He is not sure he is a nice person until someone else says that he is.

Psychologists call this living under the tyranny of the "should demands" of others.
It leads to a stereotyped response.
The individual doesn't deal with personal inner feelings, thoughts, and interests.
Soon there is alienation and he experiences himself as a spectator.
There is an emptiness because he has not actualized his real self.
There is no reality; there is only imitation.

So, what happens to the person who is always trying to be pleasing?
He realizes that he has been living somebody else's life instead of his own;
therefore, there is a despair over failure to actualize his unique self.
He has been too busy with the self-image, leaving no time for his true self.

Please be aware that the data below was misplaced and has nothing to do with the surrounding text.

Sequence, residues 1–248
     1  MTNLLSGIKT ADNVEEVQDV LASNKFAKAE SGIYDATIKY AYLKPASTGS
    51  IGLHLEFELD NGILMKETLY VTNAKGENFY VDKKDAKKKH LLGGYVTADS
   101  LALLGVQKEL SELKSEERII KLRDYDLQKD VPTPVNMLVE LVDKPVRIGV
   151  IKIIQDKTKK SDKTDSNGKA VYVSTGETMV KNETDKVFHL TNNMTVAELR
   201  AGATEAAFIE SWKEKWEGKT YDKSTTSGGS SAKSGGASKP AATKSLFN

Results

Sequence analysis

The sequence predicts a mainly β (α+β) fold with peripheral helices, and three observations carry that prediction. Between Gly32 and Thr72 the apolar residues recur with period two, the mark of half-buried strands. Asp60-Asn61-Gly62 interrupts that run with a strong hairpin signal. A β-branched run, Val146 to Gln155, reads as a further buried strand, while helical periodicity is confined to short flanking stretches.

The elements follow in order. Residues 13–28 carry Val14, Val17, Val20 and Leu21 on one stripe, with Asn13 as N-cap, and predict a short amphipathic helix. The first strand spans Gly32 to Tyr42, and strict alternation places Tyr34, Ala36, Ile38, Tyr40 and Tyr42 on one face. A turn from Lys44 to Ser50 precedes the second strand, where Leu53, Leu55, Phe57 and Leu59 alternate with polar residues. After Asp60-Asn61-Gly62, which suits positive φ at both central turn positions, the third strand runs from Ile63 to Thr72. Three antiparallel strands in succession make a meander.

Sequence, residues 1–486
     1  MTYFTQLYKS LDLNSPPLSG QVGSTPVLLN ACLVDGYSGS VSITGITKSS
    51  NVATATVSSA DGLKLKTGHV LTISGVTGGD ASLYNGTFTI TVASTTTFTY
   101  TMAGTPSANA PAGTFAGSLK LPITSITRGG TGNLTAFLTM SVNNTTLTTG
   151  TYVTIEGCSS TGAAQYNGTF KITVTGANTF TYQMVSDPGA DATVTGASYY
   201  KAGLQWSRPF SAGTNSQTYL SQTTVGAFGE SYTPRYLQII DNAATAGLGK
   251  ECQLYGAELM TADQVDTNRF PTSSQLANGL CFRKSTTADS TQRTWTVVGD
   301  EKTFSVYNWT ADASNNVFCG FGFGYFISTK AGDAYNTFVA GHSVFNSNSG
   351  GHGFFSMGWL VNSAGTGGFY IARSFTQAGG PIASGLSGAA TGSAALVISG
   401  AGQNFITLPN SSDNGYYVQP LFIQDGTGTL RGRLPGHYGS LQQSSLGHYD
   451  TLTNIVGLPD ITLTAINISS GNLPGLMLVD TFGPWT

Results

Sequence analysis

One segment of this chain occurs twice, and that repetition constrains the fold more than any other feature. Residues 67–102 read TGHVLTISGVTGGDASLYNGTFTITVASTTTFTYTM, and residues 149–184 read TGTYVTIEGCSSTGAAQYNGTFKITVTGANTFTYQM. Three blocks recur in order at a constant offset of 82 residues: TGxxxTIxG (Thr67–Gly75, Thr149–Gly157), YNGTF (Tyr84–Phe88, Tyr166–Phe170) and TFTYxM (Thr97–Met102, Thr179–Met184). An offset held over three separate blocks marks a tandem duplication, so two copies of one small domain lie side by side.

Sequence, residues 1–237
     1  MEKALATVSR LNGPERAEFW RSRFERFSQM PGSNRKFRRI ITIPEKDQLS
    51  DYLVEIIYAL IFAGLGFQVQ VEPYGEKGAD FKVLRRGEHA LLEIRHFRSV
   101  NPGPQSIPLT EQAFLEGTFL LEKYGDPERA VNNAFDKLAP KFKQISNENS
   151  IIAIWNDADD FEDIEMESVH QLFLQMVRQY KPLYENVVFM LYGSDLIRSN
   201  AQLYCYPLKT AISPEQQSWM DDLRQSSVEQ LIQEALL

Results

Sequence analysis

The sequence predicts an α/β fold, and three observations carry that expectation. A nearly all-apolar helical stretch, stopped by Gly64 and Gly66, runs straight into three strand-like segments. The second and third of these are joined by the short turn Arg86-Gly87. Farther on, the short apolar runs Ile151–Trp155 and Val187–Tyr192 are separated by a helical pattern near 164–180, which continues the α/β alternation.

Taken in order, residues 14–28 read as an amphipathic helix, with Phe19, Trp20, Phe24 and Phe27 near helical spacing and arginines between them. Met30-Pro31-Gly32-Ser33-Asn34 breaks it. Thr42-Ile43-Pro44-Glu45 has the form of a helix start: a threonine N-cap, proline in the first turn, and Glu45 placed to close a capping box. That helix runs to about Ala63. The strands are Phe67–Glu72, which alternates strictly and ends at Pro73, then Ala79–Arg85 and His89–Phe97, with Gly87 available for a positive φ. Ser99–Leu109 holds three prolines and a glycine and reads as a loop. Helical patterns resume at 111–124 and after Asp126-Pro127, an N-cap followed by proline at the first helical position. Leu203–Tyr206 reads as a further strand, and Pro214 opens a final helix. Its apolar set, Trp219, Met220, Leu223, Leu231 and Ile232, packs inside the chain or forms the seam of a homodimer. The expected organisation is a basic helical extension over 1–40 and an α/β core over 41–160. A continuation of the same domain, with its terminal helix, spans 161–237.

He wants to create a pleasing self-image so that he will not be disapproved of,
because to be disapproved of brings about guilt, and he doesn't like to feel guilty.

So, while he avoids guilt on one hand by having approval, he finds despair on the other hand
because there is a self within him that he cannot reveal.

John McMurray says: "What other significance can our existence have than to be ourselves
fully and completely

So, the person too interested in pleasing his overly concern about consequences
and approval that he will not find the fulfillment of his own unique, individual life.

The guilt of the unlived life must be dealt with.
Another kind of guilt comes into play.
The Gestalt therapists call it, the guilt of a un-lived life.
People reach the point of feeling so guilty that they do not have the courage to express their true self.
We see ourselves in the stands, watching the game of life.
We see ourselves on a puppet stage with other people pulling our strings.